Since late 2007, however, I have lived on a horse ranch about ten miles from the nearest store. The roads were paved only a few years earlier and I remember when the entire region was open range with cattle grazing everywhere. This is horse country and laced with trails throughout. We own weapons. Awhile back, I spent a long hour trying to frighten off a small pack of large dogs that had invaded our main pasture. I used a 30-gauge, double barreled shotgun firing into the air as I approached the pack. They left and our horses were saved from their harassment. Nightly, we hear coyotes singing and yelping to each other, sometimes in packs, as they roam among the ranches and hills. We have had mountain lions attack sheep and llamas, too. Further, the more isolated houses are vulnerable to break-ins by armed thieves and many ranches have elaborate alarm and protection devices to guard against a criminal invasion. Most lock their doors when they are home, rather than when they are away. And, most people have outside dogs that help keep intruders away.
I would feel very exposed without having firearms available to me. I didn't understand when I lived in cities why personal firearms could be necessary. I now do.
Some people argue that we require training, testing and registration for a driver's license, yet similar requirements do not apply to owning firearms. This argument is a false comparison: a driver's license is a privilege controlled by each state. Owning a firearm is a right by dint of The Constitution.
Why might this right to bear arms have relevance today? There have been times in the past 12 years, especially after the passage of The Patriot Act and other anti-terrorist security legislation when it seemed quite possible for the President to establish a totalitarian government. That legislation is still in place, by the way. Habeas Corpus was suspended, secret courts issue warrants for domestic spying, citizens could and can be detained as suspected enemy combatants (a term that avoids the Geneva Convention). Such was the control of media and news information by the Bush-Cheney Administration during the wars in Iraq and Afghanistan. Unlike during Viet Nam, in the all-volunteer military, there are no mothers of draftees writing to Congress about the wars. Embedded press toed the official line or they would be sent home. No more war on the 6 O'Clock news.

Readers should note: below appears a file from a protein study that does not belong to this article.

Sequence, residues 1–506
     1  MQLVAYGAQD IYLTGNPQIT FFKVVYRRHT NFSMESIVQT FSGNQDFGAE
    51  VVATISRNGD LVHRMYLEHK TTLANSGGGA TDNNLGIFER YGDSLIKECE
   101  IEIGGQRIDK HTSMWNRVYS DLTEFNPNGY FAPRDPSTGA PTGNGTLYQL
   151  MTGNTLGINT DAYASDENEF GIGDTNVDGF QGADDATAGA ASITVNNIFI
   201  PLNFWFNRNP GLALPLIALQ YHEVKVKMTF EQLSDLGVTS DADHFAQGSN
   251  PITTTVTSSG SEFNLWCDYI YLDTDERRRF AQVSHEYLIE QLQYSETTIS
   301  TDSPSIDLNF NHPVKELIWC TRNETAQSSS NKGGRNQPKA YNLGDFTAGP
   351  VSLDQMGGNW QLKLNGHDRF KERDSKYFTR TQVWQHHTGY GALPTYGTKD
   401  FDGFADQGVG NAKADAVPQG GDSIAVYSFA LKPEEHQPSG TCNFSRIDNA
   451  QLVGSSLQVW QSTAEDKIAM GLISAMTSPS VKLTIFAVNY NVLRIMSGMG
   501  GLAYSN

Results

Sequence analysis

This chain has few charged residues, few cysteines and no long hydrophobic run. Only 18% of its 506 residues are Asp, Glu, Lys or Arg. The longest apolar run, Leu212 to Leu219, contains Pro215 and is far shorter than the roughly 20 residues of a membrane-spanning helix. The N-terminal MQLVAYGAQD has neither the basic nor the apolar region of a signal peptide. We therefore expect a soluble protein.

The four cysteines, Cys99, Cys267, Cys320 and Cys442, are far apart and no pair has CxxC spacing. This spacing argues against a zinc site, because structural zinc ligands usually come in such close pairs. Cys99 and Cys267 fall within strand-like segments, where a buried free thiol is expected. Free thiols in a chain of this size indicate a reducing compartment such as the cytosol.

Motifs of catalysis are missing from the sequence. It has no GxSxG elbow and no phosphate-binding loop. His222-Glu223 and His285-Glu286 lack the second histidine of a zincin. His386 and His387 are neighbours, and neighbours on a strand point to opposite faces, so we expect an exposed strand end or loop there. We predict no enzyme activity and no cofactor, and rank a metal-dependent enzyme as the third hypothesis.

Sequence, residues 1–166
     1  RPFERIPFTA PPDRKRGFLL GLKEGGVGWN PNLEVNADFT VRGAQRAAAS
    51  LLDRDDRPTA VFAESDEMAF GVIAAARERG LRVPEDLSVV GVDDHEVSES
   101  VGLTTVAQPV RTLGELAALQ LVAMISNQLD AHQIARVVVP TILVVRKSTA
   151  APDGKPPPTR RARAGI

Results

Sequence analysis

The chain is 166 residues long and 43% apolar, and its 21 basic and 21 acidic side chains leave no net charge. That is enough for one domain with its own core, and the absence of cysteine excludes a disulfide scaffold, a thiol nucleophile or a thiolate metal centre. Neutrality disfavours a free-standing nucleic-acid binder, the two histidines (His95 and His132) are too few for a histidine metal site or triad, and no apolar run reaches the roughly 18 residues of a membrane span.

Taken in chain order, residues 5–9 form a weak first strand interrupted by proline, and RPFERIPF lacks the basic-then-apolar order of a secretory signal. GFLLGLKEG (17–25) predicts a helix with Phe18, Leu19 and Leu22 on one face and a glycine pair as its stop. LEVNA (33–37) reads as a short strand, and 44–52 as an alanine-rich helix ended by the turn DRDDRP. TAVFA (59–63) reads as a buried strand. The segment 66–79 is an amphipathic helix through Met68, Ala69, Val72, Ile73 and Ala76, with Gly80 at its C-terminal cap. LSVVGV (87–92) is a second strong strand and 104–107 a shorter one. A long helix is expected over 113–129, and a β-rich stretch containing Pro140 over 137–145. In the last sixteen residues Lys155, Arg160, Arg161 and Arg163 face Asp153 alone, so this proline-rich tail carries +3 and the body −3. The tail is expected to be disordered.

Those circumstances were and remain apt for an individual's right to bear arms. On the other hand, it would be just as easy if not more appropriate to move abroad or over the borders to Canada or Mexico.
In the end, I have concluded that the Second Amendment right to bear arms is inviolate, with some caveats that do not diminish that right. First, the state and federal governments have the ability to enact controls on the types of firearms an individual can buy. Manufacturers could be prohibited from selling military grade weapons to civilians. Regarding magazines, ammunition and other accessories that transform pistols and rifles into military-like assault weapons, the local and state governments could impose weapon apparatus or accessory controls like they have for recreational drug users.
I believe that universal background checks for prior violence or felonious behavior, age and permanent residency are appropriate at all reseller locations, including gun fairs and manufacturer exhibitions. Creating a mental health criterion, however, is worrisome. The only circumstances for a behavioral or cognitive personality trait to be a recorded "mental health" criterion should be limited to those individuals who are identified in public records of courts that would restrict an individual's right to bear arms. Education and public health agencies and institutions should expand their services to enable proper safety for gun users, parents who own guns should be able to access instructional resources concerning weapon safety in storage and in use, indications of behavior that might indicate violent personality traits developing in their children, and a general community awareness of gun safety, violence as a public health issue as well as criminal issues, and the availability of help from community public and private resources.
Ask a parent or any adult about allowing children to play with or to have access to chain saws, miter saws, lawn mowers and other yard tools kept in a work place or garage. For that matter, access to a car can be a dangerous circumstance for a toddler or curious child, even if they only want to crawl underneath. Why should we be any less diligent and guarded about the guns we keep at home? Why wouldn't it be logical to teach children and others about gun safety, about preventing access to our guns, and about how to respond to a crisis or emergency should those efforts fail?
Our Second Amendment Rights bring responsibilities for all citizens to exercise those rights for the good of the community, for our own safety and for the safety of our families. Just as the other Constitutional rights have limits under our system of laws, so does the right to keep and to bear arms.